The linked report says that the number of ‘events’ has doubled since a previous reporting period of 1985, writing “In total, an average of 335 weather-related disasters were recorded per year between 2005 and 2014, an increase of 14% from 1995-2004, and almost twice the level recorded during 1985-1995.”
“Average death rates, on the other hand, increased during the same 20-year period, climbing to more than 34,000 deaths per year between 2005 and 2014, up from an average of 26,000 deaths in 1995-2004. This average was pushed higher by the massive toll from Cyclone Nargis, which claimed 138,000 lives in Myanmar in 2008. Excluding this one megadisaster, average death rates fell to 20,000 a year during 2005-2014. Preliminary data for 2015 show this decline continued, with around 7,200 deaths from weather-related disasters.”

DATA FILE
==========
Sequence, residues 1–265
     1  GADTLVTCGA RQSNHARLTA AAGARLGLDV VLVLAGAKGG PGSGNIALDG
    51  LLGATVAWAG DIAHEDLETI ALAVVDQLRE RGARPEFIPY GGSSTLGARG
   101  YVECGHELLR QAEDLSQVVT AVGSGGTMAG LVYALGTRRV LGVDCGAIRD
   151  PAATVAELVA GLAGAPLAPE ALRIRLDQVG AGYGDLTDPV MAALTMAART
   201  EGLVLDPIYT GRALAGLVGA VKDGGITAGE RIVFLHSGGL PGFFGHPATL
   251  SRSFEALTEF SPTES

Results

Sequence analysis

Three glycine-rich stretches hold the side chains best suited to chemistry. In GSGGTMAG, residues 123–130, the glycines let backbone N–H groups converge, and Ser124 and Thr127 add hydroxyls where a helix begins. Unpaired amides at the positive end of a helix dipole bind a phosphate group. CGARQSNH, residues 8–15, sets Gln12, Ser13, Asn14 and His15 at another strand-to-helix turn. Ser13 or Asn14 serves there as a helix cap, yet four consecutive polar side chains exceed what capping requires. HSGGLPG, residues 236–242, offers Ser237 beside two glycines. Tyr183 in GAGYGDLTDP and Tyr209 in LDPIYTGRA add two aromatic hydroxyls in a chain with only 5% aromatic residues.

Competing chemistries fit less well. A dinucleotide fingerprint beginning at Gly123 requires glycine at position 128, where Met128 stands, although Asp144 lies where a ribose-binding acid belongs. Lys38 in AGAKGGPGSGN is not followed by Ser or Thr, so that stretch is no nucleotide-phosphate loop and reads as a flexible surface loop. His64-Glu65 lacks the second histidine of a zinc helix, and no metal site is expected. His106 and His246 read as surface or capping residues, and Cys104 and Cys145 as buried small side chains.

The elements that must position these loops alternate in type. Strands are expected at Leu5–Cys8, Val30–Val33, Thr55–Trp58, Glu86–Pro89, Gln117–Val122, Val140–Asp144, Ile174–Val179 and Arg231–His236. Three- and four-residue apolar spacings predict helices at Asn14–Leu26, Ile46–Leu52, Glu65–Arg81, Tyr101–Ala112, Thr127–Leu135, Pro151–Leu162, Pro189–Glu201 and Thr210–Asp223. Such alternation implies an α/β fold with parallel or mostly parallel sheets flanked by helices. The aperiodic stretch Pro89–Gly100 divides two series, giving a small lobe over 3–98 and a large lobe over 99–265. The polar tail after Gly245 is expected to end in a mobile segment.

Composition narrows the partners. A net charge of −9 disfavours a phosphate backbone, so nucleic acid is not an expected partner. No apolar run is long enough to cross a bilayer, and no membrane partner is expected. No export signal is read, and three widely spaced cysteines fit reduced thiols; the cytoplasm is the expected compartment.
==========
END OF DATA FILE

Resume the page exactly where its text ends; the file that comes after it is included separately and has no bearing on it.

We know from flood records that the number of some events is increasing because of better reporting, not necessarily because of more events–but we don’t know how much is due to better news coverage. Certainly some of it may be due to more events or stronger events. But we’ll have to look elsewhere for answers.
Writing in the Wall Street Journal, Matt Ridley and Benny Peiser say “On a global scale, as scientists keep confirming, there has been no increase in frequency or intensity of storms, floods or droughts, while deaths attributed to such natural disasters have never been fewer, thanks to modern technology and infrastructure.” But if better technology and infrastructure are reducing fatalities where it exists, that doesn’t mean that global warming isn’t killing people where the technology and infrastructure is not in place. A huge overall decline in weather-related fatalities has taken place–but that doesn’t mean that current global warming is not exacting a toll. This is perhaps easiest to note in drought records.